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Helping your child with pain

Infants (Birth to 12 months)

  • Caregivers can request to remain with infant during procedures
  • Encourage sucking, lullaby music and gentle touching
  • Assume natural swaddling position
  • Request to use Sucrose during painful procedures (under 6 months)
  • Turn down lights and avoid loud noises

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Toddlers (1 to 3 years)

  • Caregivers can request to remain with toddlers during procedures
  • Familiarize toddlers with hospital and procedures through simple medical play with a doll
  • Keep favorite items such as a blanket, toy or stuffed animal close to child
  • Use toys such as bubbles and books to distract child
  • Request a numbing agent for procedures involving injections or needle sticks
  • Request to use a treatment room for painful procedures
  • Keep routines as normal and consistent as possible

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Preschool (3 to 6 years)

  • Caregivers can request to remain with preschoolers during procedures
  • Familiarize preschoolers with hospital and procedures through medical play with a doll
  • Encourage the child to handle medical supplies through play
  • Provide preschooler with clear and direct explanation for procedures
  • Reinforce that illness, tests or procedures are not the child's fault
  • Involve preschooler in care and treatment by giving him or her a job
  • Provide distraction such as blowing bubbles or looking at books
  • Request to use a treatment room for painful procedures
  • Reward child often for positive outcomes and cooperation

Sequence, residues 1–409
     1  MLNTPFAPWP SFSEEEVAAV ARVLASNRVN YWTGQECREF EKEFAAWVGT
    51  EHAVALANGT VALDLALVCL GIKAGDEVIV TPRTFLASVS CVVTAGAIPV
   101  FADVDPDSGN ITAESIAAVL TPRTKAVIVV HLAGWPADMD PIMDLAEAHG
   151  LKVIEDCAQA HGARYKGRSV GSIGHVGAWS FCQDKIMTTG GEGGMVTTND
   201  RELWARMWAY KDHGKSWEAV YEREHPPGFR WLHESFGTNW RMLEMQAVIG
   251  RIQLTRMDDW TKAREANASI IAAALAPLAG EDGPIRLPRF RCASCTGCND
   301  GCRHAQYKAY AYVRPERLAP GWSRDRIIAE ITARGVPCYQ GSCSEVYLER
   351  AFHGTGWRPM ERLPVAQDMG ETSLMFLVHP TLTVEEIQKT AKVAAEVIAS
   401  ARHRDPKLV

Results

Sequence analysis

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School-Age (7 to 12 years)

  • Caregivers can request to remain with child during procedures
  • Prepare child by providing simple explanations through play
  • Request a numbing agent for procedures involving injections or needle sticks
  • Request to use a treatment room for painful procedures
  • Provide distraction such as blowing bubbles or looking at picture books
  • Encourage relaxation with quiet music, guided imagery or deep breathing
  • Offer choices during painful procedures
  • Coach the child through the procedure and remind him or her the pain will not last forever
  • Reward the child often for positive outcomes related to the painful experience

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Teens (13 to 17 years)

  • Caregivers can request to remain with teens
  • Prepare teen by providing explanation and encouraging questions
  • Request a numbing agent for procedures involving needle sticks
  • Encourage relaxation with quiet music, guided imagery, deep breathing or massage
  • Involve the teen in all decisions related to care and procedures
  • Encourage socialization with friends and family
  • Coach teen through the procedure and remind him or her the pain will not last forever
  • Stress positive outcomes related to the painful experience

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